Methods of Display
- Time to show it off
- What are methods of display?
- Points to consider when setting up the show :
- In the Curatorial Rationale
For Part 3, The Exhibition students are required to set up and present a selection of work, considering methods of display.
Students need to recognize coherence and connection among their chosen art works and be able to justify their selection and consider how the method of display affects the viewers experience (HL).
Coherence refers to a sense of continuity and connection among the works. The pieces share some common interests and fit together to create a unified body of work. This doesn't mean that the works all need to address the same subject or theme. You can present a body of work that is related through exploration of visual qualities or through exploration of ideas and concepts ( see A Coherent Body of Work).
Essentially, how art work is put on view, placed, hung, lit, arranged and presented to the viewer.
In the image here, the student has arranged her work in a semi circular shape, with some pieces on the wall (2D pieces and paper dresses ), on an easel, a tabletop and with a sculptural installation in the corner. The overall experience is enclosed, intimate, but spacious. The work is unified through both content (exploring issues of stoning and violence towards women) and visually, through use of materials and overall color scheme.
- What is the best use of space available?
- How will you sequence the work? Chronological, size, content? What is your reasoning for this?
- The lighting
- Is there any interactive work that requires viewer participation?
Tip: Make sure you refer to these decisions in the Curatorial Rationale
In the Curatorial Rationale
SL students justify the selection of the works, and the presentation.
HL Students justify the selection of the works, the presentation, and consider the relationship between the artworks and the viewer
Gain practical experience with these activities
- Stage several mini exhibitions throughout the year, besides the final show. Try targeting a specific audience, ie primary school, how would you curate a show differently according to the audience?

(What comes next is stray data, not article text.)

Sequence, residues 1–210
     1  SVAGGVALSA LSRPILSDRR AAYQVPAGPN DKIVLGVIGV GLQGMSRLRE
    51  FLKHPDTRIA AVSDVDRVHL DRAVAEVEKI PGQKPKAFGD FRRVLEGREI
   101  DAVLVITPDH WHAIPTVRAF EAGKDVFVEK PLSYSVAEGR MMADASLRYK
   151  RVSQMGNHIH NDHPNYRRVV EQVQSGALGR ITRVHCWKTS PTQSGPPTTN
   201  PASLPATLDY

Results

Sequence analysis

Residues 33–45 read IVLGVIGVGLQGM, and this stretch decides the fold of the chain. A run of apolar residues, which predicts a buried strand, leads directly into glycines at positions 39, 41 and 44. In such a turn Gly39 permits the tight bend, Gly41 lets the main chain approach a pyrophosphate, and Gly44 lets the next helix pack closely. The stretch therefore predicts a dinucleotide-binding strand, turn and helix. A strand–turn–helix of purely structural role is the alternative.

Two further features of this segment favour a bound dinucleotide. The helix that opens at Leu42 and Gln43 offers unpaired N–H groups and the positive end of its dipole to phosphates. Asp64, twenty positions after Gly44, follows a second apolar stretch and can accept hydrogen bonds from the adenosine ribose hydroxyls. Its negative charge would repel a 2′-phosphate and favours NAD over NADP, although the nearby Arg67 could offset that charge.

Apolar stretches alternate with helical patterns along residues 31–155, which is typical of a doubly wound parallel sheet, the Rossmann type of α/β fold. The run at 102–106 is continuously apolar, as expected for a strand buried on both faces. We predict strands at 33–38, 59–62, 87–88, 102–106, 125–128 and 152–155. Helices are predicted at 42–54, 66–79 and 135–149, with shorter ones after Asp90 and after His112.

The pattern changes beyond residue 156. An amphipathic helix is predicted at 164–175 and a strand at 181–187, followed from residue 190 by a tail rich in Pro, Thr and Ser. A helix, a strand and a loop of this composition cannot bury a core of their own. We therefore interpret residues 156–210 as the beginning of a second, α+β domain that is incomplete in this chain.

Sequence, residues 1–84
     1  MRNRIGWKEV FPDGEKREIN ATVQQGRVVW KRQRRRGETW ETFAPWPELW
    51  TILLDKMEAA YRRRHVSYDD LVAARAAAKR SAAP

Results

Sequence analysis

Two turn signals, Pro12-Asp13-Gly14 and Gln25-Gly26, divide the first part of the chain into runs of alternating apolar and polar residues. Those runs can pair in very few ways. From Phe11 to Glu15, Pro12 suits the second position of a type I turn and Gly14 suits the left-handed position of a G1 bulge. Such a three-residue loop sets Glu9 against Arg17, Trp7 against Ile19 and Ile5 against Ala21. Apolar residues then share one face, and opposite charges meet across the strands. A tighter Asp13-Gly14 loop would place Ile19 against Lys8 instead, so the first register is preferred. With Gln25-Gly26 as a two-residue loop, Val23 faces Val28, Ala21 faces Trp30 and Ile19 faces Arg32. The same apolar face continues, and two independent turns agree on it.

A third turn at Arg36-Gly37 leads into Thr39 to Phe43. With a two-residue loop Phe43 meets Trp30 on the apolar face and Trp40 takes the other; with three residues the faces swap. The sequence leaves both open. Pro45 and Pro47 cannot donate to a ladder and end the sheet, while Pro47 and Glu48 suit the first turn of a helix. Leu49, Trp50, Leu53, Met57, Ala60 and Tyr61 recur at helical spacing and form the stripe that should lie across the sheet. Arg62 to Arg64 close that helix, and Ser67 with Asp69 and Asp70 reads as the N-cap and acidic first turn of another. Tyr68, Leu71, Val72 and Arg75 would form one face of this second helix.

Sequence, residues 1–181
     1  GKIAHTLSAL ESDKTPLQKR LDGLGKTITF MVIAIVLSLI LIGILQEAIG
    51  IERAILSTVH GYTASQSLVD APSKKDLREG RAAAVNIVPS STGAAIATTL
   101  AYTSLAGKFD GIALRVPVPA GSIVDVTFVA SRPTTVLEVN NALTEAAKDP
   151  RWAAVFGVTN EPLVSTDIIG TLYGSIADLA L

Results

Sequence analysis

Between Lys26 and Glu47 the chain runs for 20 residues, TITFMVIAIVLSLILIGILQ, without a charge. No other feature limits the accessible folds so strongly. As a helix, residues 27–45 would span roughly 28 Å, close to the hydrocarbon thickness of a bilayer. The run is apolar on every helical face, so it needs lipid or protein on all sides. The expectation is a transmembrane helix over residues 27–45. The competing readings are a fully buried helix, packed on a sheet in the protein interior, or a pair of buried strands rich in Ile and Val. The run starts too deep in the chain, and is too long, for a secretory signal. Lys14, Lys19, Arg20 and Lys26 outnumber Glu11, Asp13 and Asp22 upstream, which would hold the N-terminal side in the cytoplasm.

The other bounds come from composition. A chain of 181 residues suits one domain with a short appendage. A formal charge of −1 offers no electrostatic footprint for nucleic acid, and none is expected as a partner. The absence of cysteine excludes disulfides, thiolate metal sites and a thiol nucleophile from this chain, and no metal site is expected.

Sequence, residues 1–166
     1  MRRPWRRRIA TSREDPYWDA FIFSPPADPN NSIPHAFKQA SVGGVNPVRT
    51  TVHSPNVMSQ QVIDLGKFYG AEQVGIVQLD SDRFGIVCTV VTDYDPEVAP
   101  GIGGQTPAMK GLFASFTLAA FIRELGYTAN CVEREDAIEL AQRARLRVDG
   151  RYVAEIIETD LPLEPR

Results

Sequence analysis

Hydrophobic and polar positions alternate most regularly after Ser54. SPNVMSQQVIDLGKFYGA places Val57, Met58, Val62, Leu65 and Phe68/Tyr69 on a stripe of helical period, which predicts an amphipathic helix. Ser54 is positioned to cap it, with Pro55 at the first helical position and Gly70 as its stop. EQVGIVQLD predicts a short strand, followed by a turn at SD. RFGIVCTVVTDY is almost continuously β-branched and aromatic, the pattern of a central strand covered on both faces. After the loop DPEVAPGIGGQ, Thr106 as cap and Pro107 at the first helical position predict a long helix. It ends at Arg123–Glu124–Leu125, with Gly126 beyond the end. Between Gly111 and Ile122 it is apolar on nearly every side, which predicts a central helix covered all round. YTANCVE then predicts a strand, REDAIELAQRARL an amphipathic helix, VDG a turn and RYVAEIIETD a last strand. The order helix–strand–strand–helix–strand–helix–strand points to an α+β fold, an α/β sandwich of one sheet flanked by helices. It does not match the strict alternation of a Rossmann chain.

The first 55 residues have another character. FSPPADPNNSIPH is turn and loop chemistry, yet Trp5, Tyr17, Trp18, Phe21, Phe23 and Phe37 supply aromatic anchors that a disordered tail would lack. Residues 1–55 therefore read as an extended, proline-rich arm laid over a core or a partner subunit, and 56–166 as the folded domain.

- Observe strategies for displaying work and engaging the viewer, i.e. designing the space, placements of works in relation to each other, viewer interactivity, lighting, plinths, supports, hanging, etc.
- Select a few works that go together and design a method of display. The layout for this can be done in the Journal. Explain how the works are connected and justify your choices.
- Explore Exhibition Hanging Styles
- Write Exhibition Texts for artworks: collect examples of exhibition texts from exhibitions visited or viewed online. Practice writing texts each time you finish a studio piece.
- Create a personal documentary collection of objects and devise a method of display
- Go to a contemporary art gallery showing artworks you know nothing about and experience the difference between uninformed and informed response.
- Consider the relationship between Artist and Audience
- Curate a Virtual Exhibition that explores artworks around a theme. Write an introduction and exhibition texts.
Teaching idea: Students make a selection of 6-10 their 2D work- drawings, prints or photos. Try out at these different arrangements and see what works best. What kind of display helps in communicating the meaning or works with the materials? Try something unconventional!
- On the wall in a row at eye level
- On the wall in a square formation
- On the wall at floor level
- On the wall upside down ( if there is a reason for this)
- Arranged flat on a table
- Illuminated with spotlights in a dark room
Photograph the results and compare.
- How does display impact the viewer experience of the artwork?
- How does display impact the meaning or message communicated?
- Which method is most effective? Why?
3D Methods of display
Try the same thing with 3D work using a variety of supports, plinths, surfaces, backgrounds and lighting
You can also build a scale model of the space out of cardboard or polystyrene and students can print or draw their artworks to scale and try out different arrangements.
Most work does NOT need a frame, unless the frame is part of the exhibition concept. In fact, many times framing places the work firmly in a conventional, old fashioned context, and it does not photograph well either (glare etc.) Encourage students to experiment freely with whatever space you have, they might find the work acquires new meaning or interest simply from how it is arranged. Drawing directly on the wall can also be a fun option, if you have permission.
I tried a variety of arrangements before deciding to place these small collages of composite trees at different heights and orientations on a wall. What other methods of display could have been used?